The Boise Planning and Zoning Commission on Monday unanimously approved permits for developer Scott Noriyuki’s plan to build 18 townhomes at 52. N. Liberty St., and recommended the City Council approve a the project’s layout and a rezone of its 1.55-acre lot.
Commissioner Douglas Gibson said he liked the location of the proposed homes and the density of living space it would provide.
The story below was published July 16, 2018, under the headline “Affordable homes are the goal for this townhouse project on the Boise Bench.”
“There’s so much going on in Boise, Eagle, Meridian, where people are frankly priced out of the market, and it’s just not fair,” Noriyuki said Monday. “They’re going to have to live in Kuna or Caldwell or Nampa, and they’re going spend all their time and energy and money commuting instead of spending time with their families.”
Noriyuki said he hopes his projects counter that trend. Over the past several years, he has focused on small-scale infill projects that offer for-sale homes at low prices. These includes 14 narrow, closely packed single-family homes on the south side of Malad Street just west of Vista Avenue and a 28-townhome project under construction near State Street and Bogart Lane in Northwest Boise.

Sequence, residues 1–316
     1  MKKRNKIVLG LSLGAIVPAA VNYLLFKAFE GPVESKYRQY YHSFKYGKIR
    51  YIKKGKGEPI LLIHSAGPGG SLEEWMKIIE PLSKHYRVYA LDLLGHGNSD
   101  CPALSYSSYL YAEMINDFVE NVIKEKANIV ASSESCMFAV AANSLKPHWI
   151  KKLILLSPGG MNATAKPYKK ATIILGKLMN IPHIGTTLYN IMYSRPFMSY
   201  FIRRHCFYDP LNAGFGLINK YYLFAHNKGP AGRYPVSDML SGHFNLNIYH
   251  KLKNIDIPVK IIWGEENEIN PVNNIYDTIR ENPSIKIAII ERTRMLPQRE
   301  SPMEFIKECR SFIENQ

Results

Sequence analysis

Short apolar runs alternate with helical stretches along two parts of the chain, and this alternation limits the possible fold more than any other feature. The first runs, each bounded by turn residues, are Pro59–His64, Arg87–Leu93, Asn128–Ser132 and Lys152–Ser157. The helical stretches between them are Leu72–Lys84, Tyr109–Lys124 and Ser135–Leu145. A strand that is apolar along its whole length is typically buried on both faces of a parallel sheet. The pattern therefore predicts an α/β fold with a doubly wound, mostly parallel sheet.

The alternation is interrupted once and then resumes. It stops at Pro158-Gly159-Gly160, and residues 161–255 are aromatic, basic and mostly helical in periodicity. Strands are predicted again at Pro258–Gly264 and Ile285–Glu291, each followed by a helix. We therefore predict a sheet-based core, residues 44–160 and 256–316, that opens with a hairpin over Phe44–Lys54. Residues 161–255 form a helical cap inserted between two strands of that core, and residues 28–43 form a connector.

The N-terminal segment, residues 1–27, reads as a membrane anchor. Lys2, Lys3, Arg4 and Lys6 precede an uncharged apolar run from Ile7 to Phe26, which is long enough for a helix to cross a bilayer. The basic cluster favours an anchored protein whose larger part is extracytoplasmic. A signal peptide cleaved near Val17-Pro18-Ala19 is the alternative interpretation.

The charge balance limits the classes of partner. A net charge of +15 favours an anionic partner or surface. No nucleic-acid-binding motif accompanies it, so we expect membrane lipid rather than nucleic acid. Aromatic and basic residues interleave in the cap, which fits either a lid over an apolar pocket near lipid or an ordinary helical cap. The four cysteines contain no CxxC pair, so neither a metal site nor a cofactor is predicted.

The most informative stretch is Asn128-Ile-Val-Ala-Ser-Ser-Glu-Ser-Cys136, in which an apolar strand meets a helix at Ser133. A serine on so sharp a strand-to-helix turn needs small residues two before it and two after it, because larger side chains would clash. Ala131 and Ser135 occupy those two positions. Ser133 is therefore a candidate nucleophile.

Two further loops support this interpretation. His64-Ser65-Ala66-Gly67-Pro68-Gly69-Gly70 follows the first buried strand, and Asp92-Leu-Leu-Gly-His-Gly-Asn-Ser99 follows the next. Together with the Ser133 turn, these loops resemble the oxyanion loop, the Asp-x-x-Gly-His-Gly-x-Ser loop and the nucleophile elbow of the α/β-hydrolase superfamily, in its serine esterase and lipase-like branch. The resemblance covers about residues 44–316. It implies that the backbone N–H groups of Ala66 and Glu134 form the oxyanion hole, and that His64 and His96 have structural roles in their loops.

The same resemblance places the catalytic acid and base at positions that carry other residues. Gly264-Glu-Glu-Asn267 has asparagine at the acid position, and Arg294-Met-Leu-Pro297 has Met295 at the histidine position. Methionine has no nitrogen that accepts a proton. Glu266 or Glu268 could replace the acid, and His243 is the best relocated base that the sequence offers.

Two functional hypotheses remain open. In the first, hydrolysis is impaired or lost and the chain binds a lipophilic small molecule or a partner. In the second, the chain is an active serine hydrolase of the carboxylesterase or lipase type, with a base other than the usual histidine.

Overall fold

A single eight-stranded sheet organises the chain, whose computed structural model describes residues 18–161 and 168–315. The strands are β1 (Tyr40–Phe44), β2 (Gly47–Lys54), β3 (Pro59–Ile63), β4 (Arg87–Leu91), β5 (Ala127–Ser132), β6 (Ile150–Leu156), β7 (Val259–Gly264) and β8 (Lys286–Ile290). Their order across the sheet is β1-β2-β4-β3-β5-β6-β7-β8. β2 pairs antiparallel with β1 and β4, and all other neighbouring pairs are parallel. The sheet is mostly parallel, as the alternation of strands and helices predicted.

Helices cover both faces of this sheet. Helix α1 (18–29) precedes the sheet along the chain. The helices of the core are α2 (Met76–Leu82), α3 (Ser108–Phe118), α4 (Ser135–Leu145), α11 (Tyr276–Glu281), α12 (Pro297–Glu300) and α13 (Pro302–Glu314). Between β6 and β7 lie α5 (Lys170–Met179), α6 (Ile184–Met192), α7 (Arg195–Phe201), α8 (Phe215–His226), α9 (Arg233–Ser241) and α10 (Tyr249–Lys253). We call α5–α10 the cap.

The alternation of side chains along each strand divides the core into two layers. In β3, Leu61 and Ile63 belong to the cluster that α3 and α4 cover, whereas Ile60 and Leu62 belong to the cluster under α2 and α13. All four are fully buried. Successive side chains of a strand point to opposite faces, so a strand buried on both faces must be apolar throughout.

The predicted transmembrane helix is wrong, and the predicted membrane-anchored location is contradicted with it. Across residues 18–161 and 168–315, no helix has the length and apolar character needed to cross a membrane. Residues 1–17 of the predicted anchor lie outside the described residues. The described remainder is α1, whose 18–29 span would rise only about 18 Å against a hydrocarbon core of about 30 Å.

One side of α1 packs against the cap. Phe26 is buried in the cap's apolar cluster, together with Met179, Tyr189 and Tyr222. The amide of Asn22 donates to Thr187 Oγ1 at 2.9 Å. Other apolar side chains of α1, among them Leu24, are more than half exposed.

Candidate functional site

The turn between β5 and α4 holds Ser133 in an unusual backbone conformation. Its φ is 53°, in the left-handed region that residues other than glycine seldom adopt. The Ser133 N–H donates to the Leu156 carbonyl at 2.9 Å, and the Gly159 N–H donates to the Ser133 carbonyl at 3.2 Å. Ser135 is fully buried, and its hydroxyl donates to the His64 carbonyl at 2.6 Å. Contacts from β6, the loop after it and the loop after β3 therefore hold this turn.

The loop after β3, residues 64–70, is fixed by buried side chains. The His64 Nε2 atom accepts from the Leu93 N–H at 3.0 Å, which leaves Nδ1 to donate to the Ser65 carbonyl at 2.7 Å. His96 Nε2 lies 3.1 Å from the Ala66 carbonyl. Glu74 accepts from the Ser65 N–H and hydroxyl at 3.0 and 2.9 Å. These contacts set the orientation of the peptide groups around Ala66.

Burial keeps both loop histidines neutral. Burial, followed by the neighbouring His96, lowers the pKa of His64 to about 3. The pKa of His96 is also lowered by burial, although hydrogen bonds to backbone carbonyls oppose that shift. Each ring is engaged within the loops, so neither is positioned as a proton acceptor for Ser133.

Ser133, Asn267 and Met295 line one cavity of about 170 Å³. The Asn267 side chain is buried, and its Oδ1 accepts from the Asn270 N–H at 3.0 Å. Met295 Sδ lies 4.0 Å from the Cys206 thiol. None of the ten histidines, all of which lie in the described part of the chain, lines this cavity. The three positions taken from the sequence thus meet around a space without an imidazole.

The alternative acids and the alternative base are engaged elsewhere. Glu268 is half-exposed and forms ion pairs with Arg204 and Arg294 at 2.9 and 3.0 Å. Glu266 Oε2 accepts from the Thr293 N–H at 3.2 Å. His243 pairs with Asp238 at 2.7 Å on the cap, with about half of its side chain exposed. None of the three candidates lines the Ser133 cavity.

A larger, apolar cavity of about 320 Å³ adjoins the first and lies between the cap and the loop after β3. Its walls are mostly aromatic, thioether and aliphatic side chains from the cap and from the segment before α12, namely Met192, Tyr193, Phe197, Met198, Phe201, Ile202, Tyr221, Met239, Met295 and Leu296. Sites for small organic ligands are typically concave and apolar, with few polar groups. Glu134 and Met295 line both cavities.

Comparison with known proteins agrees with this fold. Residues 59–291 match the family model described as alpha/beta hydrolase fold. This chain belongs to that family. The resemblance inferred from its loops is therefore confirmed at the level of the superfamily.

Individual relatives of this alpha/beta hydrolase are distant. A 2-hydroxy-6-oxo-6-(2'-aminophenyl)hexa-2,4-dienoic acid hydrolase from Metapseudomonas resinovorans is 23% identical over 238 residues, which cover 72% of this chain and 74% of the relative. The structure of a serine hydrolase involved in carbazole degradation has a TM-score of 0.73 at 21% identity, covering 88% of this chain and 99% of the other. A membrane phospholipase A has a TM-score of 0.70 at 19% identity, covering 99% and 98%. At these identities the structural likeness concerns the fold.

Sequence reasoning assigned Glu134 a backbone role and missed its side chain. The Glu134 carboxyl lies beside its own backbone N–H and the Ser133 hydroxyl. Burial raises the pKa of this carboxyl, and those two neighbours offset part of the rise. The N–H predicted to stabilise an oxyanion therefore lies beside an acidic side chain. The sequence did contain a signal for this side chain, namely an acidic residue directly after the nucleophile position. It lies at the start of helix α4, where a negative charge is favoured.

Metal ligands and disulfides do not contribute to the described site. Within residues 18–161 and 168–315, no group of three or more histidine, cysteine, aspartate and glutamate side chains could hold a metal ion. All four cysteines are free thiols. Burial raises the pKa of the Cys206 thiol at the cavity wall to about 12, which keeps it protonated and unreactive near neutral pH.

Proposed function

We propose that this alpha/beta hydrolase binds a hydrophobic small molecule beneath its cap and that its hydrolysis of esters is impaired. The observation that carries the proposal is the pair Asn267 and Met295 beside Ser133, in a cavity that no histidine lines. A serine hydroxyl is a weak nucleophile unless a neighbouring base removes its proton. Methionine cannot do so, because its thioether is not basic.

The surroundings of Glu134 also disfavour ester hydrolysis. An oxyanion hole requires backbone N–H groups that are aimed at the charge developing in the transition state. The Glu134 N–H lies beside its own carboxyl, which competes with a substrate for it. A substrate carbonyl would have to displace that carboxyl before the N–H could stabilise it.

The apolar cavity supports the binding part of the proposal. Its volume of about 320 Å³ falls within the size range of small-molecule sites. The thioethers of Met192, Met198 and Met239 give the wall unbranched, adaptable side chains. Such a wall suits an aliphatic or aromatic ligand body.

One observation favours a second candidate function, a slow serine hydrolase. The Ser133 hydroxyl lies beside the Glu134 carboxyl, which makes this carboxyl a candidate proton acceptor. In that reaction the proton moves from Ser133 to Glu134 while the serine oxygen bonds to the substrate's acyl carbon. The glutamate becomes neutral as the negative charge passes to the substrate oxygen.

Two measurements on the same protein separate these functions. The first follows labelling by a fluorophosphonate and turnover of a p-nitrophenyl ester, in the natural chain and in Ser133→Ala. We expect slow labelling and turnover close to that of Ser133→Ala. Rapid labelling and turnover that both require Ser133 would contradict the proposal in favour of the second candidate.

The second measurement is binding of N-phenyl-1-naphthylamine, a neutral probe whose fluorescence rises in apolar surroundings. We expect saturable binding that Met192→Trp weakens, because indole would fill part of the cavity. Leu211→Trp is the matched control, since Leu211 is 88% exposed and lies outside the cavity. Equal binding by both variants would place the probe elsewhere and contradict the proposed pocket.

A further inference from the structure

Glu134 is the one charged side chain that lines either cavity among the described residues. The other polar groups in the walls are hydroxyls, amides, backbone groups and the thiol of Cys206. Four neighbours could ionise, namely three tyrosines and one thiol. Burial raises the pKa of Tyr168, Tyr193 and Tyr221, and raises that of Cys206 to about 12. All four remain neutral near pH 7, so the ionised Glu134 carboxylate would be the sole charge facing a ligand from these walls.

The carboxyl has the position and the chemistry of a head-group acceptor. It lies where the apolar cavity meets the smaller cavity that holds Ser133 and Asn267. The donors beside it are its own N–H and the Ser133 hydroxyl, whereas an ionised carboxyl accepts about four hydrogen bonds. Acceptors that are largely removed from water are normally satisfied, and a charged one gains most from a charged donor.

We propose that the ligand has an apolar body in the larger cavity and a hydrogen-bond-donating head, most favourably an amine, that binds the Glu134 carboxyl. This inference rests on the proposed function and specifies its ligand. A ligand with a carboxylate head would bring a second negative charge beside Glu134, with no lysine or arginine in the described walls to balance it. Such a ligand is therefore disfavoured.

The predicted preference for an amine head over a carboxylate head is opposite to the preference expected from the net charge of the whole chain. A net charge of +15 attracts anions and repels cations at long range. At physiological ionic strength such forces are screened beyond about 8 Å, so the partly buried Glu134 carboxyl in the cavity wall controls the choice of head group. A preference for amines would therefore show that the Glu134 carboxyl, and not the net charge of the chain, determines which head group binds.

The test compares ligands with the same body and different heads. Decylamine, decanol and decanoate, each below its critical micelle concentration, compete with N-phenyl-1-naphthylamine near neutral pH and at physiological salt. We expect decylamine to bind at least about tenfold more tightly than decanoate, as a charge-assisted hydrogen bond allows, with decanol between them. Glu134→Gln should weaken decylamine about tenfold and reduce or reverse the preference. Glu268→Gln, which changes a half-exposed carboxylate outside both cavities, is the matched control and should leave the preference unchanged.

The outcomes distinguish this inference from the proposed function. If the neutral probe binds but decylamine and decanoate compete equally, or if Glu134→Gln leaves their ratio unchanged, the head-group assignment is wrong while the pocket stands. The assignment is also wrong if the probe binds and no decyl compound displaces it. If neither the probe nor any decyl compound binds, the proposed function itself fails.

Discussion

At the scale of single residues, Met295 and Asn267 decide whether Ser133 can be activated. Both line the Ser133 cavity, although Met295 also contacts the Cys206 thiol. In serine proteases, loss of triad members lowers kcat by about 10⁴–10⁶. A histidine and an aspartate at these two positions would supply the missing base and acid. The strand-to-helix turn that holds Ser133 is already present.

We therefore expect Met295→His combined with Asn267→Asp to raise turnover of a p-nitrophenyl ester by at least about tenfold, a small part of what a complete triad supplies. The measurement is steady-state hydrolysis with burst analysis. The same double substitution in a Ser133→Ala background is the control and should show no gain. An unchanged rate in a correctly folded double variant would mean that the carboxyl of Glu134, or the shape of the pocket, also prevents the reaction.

Noriyuki said he couldn’t remember how much the Malad homes sold for. The Ada County Assessor appraised their value this year between $223,000 and $230,000. The prices for the Bogart homes aren’t finalized.
Noriyuki’s latest project follows this pattern. He proposes to build 18 two-story townhomes at 52 N. Liberty St. in Boise’s Liberty Park neighborhood, south of Saint Alphonsus Regional Medical Center.
Noriyuki said he hasn’t set a price range yet. The homes will be smaller and less expensive than most of what’s on the market today without sacrificing quality, he said. They should appeal to young single-income families and downsizing retirees.
“We need to give them very, very good homes that they can afford,” Noriyuki said. “Not everyone can afford a quarter-million dollar home.”
Boise’s Planning and Zoning Commission was scheduled to consider Noriyuki’s plan Monday night, July 16.
If there are no snags, he said, the project could be on the market by next July.